World Wetlands Day – Wetlands for Disaster Risk Reduction
The Water Research Commission (WRC), in collaboration with the South African National Biodiversity Institute (SANBI), Department of Environmental Affairs (DEA), Department of Water and Sanitation (DWS), Department of Agriculture, Forestry and Fisheries (DAFF), and the City of Tshwane, held an interactive training workshop on wetland plant taxonomy as part of World Wetlands Day celebrations on 2 February 2017.
A lack of knowledge for wetland plant identification has been identified as one of the barriers to conserving wetlands. A capacity building intervention in this field is critical to researchers (especially young scientists) and managers alike for better management of our natural sponges.
World Wetlands Day is an annual event celebrated across the globe to mark the anniversary of the 1971 Convention on Wetlands (also known as the Ramsar Convention), to which South Africa (represented by DEA) is a signatory. South Africa has declared 22 wetlands as Ramsar sites (Wetlands of International Importance).
Various research projects, many of which are funded by the WRC, are currently involved in expanding and reviewing a national wetland inventory. More than 1400 wetlands have been identified to date; however, not all of these wetlands are in good ecological health.
Over 50% of South Africa’s wetlands have been degraded or lost, an even greater proportion than is the case for our rivers. The WRC has published a manual to support the national wetland monitoring programme, in which DEA, DWS and DAFF monitor and report on the status and trends regarding these delicate ecological infrastructure resources.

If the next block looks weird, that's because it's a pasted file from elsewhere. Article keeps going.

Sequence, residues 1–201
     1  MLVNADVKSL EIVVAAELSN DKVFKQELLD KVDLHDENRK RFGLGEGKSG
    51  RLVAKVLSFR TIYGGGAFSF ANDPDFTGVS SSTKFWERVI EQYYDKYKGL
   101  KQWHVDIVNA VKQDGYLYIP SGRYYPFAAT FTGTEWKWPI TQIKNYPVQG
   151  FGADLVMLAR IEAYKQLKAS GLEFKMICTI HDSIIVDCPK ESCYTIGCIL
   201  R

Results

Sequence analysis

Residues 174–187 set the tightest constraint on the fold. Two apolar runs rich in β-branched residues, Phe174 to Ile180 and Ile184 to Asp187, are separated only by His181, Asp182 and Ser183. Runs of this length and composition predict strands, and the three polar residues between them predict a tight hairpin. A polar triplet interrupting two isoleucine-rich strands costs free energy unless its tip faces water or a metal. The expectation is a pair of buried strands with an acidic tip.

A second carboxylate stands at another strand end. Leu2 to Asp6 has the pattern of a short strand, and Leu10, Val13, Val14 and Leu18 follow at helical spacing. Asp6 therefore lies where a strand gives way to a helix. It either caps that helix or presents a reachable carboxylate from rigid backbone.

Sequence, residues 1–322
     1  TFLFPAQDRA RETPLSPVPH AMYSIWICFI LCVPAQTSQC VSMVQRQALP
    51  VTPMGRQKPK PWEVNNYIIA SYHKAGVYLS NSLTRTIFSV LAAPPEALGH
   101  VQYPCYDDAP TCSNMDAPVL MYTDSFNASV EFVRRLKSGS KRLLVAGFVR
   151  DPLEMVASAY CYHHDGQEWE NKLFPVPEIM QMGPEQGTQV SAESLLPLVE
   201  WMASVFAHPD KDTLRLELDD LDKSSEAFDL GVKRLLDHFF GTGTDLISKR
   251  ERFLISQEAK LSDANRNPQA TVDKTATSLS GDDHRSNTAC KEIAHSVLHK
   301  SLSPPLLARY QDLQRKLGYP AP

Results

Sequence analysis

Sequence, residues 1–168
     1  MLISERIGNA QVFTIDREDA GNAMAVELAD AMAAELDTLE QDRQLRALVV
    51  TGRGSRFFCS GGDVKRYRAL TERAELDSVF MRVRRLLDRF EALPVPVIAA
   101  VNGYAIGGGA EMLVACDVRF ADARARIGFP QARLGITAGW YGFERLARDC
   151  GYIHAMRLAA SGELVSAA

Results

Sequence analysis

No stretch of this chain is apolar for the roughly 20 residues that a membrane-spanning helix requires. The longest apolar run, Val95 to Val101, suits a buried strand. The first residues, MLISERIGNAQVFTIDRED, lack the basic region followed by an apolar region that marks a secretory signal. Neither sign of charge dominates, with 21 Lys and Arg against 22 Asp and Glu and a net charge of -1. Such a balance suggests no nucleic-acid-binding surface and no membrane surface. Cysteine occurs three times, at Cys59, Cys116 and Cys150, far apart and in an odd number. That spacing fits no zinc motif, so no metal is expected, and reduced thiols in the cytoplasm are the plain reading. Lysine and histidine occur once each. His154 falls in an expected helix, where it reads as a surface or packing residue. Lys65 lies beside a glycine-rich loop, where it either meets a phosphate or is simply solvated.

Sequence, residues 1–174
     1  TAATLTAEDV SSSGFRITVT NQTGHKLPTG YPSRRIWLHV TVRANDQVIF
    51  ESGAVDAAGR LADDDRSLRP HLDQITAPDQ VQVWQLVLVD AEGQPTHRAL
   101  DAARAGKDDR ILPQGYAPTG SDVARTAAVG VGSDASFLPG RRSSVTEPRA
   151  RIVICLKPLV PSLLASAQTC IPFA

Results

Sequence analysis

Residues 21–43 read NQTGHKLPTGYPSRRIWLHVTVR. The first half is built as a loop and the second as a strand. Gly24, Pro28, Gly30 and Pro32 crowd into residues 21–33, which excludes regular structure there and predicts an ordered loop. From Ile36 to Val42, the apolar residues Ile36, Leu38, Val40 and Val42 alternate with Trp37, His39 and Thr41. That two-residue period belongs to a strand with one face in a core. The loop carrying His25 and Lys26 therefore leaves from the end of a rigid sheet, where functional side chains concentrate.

The WRC and South African Environmental Observation Network (SAEON) are also developing indicators based on remote-sensing, which will enable the monitoring of wetlands using technology.
The realisation of the importance of wetlands in water purification, flood attenuation, cultural values, tourism and biodiversity conservation has prompted the WRC to invest more than R60 million in research that supports informed policy decision making, understanding of wetland functional processes, ecological Reserve determinations, human capital development and community empowerment.
Rehabilitation methods are continuously being improved, and costing of the role played by intact wetlands as natural kidneys is proving the importance of these ecological infrastructures within landscapes. Given the effects of, among others, climate change, pressure is mounting on the use of wetlands for livelihood support, such as grazing livestock and harvesting reeds.
The focus of research is thus turning towards sustainable development methods within a green-economy context.
Expanding wetland research into sources of green job creation has seen projects such as wastewater management, cultivation of amadumbe, using Typha for insulation, harvesting of medicinal plants, and, moving further up the value chain, marketing.
While the route from discovery through to marketing takes time, it remains the best method to engage communities and demonstrate the benefits from sustainable use of wetlands, as an alternative to the current situation of resource over-exploitation. For as long as these benefits are being received, wetlands are being looked after by all stakeholders – a win-win situation!
Caption: Delegates analysing wetland plant species during an interactive training workshop on wetlands plant taxonomy as part of the World Wetlands Day celebrations on 2 February 2017 organised by Water Research Commission (WRC) in collaboration with the South African National Biodiversity Institute (SANBI), Department of Environmental Affairs (DEA), Department of Water and Sanitation (DWS), Department of Agriculture, Forestry and Fisheries (DAFF), and the City of Tshwane.